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I was doing an experiment, code below:

template<typename T>
struct S
{
explicit S(T v) :val{ v } {};
T val;
};

int main()
{
S<int> MyS('g');
cout << MyS.val << endl;//Output is 103

return 0;
}

Even though I am providing T with a type which is int, and I have an explicit constructor, why I have an implicit conversion from char to int? Shouldn't it see that T is int since I'm telling it so and thus give me error for constructing an S out of char?

Edited by MarcusAseth

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Kylotan    10007

The explicit keyword means that it won't create an instance of the object without you explicitly constructing one - for example, as part of an expression where it might normally make sense to the compiler to cast some object to this type, but where you want to disallow this.

Here, you do explicitly construct an object of the type, so it calls the constructor, and it makes the normal effort to convert the argument for you.

In this example, it's the 'int' that has an 'implicit' or 'converting' constructor, which magically creates an int out of a char. You don't get to change the semantics of ints, though.

To recap: explicit constructors don't say anything about their arguments, they say things about when they can be legitimately called.

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Thanks @Kylotan, I had grossly misunderstood the meaning of that keyword

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Kylotan    10007

Not grossly. You obviously understand the basic concept, of avoiding the implicit conversion, but you were just unsure which 'end' of the process it applied to.

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I'm changing the title of the topic into "Questions about Templates" because I'm experimenting with it and I know I will have more than one, doesn't seems right to make 1000 mini-topics

So now I have the code below:

template<typename T>
struct S
{
S(T v) :val{ v } {};
T val;
};

template <typename R, typename T>
R& get(T& e)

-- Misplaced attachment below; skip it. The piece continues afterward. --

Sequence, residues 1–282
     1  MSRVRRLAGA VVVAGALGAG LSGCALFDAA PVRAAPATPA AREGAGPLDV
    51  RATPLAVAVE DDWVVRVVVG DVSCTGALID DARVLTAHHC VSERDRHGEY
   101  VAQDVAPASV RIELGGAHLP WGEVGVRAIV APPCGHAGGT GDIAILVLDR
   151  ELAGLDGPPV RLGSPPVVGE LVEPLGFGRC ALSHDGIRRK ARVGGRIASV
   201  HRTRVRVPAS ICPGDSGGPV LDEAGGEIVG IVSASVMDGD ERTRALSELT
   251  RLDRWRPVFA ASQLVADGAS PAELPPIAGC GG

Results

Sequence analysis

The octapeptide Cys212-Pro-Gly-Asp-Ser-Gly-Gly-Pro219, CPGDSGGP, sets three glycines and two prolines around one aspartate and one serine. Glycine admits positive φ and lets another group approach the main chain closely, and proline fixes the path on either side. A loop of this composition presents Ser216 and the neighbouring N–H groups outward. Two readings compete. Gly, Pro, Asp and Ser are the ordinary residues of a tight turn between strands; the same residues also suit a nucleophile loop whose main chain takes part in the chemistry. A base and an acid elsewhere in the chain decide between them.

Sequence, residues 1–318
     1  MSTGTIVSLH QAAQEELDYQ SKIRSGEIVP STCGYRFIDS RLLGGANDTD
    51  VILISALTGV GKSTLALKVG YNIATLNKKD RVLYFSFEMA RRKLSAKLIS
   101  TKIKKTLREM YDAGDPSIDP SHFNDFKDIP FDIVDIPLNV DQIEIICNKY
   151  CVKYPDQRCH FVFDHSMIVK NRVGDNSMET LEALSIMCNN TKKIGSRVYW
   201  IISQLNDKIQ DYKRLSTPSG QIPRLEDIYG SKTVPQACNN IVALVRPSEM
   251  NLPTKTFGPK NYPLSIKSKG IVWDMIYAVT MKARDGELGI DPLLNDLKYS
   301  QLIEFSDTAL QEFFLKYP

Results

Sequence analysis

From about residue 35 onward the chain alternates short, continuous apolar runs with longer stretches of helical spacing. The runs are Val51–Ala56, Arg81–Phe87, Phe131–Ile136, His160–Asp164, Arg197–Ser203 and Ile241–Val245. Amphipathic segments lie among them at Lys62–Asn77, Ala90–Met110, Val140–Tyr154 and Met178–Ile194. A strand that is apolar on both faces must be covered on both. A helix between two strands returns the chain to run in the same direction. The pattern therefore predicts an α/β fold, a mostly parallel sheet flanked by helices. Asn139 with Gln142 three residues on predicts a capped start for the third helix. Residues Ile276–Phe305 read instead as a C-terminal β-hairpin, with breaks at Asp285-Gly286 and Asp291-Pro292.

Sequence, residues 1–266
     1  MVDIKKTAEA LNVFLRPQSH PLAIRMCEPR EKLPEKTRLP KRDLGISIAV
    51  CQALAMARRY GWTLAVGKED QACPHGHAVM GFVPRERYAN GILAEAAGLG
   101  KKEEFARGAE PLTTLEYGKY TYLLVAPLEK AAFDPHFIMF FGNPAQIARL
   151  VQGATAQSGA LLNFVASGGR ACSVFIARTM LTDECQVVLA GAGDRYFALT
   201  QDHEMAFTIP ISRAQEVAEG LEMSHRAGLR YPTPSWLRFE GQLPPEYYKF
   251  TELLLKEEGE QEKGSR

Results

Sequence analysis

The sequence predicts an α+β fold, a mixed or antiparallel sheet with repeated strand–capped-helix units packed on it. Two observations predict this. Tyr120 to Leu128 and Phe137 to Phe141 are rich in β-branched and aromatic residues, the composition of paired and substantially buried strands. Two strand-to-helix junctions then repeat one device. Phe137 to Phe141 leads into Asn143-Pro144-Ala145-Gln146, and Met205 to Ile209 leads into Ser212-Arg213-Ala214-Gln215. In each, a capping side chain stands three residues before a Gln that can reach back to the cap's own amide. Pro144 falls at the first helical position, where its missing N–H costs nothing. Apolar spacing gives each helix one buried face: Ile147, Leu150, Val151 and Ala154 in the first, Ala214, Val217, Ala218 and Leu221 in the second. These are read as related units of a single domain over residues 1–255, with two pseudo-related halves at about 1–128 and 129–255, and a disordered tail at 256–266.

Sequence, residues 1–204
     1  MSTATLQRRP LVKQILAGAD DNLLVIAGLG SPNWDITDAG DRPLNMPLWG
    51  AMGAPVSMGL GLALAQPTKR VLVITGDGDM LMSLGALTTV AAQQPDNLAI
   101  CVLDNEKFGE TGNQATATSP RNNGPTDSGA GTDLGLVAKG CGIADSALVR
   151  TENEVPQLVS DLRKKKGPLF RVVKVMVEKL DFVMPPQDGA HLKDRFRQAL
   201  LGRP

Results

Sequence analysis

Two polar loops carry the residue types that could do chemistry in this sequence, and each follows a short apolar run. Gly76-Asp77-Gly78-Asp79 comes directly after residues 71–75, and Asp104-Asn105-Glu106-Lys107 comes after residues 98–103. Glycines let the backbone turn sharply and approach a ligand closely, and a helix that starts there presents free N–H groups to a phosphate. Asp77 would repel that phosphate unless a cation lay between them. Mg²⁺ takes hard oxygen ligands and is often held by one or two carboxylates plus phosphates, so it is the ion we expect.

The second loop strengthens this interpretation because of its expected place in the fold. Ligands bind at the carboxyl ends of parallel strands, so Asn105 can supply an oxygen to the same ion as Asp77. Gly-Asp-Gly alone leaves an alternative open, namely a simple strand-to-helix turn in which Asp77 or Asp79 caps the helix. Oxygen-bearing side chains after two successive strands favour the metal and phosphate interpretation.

{
return e.val;
}

int main()
{
S<char> MySChar('B');
cout << "MySChar: " << MySChar.val << endl;

cout << "Returned val: " << get<char>(MySChar) << endl;

return 0;
}

The function get is not part of the S class, as required from the book exercise (which is "" Add a function template get() that returns a reference to val.")

I don't like that I have to specify the return type when I call it, if I have 5 different instantiation of S it becomes messy, so I was trying to make it in such a way that I can just write get(MySChar) and it just works with wathever instantiation of S, but I am failing on it, code below:

template<typename T>
struct S
{
S(T v) :val{ v } {};
T val;
typedef T type;
};

template <typename T, typename R>
R& get(T& e)
{
using R = e.type;
return e.val;
}

int main()
{
S<char> MySChar('B');

cout << "MySChar: " << MySChar.val << endl;

cout << "Returned val: " << get(MySChar) << endl;

return 0;
}

How would I do that the proper way?

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_Silence_    969
47 minutes ago, MarcusAseth said:

I was doing an experiment, code below:


template<typename T>
struct S
{
explicit S(T v) :val{ v } {};
T val;
};

int main()
{
S<int> MyS('g');
cout << MyS.val << endl;//Output is 103

return 0;
}

Even though I am providing T with a type which is int, and I have an explicit constructor, why I have an implicit conversion from char to int? Shouldn't it see that T is int since I'm telling it so and thus give me error for constructing an S out of char?

In C++ words, this is called promotion. Promotions happen automatically.